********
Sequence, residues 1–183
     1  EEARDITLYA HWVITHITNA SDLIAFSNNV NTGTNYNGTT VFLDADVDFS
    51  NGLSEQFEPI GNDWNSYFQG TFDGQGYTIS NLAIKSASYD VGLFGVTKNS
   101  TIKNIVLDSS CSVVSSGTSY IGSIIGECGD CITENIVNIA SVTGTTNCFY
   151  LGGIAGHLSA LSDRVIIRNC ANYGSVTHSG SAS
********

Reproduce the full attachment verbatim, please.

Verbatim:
Sequence, residues 1–183
     1  EEARDITLYA HWVITHITNA SDLIAFSNNV NTGTNYNGTT VFLDADVDFS
    51  NGLSEQFEPI GNDWNSYFQG TFDGQGYTIS NLAIKSASYD VGLFGVTKNS
   101  TIKNIVLDSS CSVVSSGTSY IGSIIGECGD CITENIVNIA SVTGTTNCFY
   151  LGGIAGHLSA LSDRVIIRNC ANYGSVTHSG SAS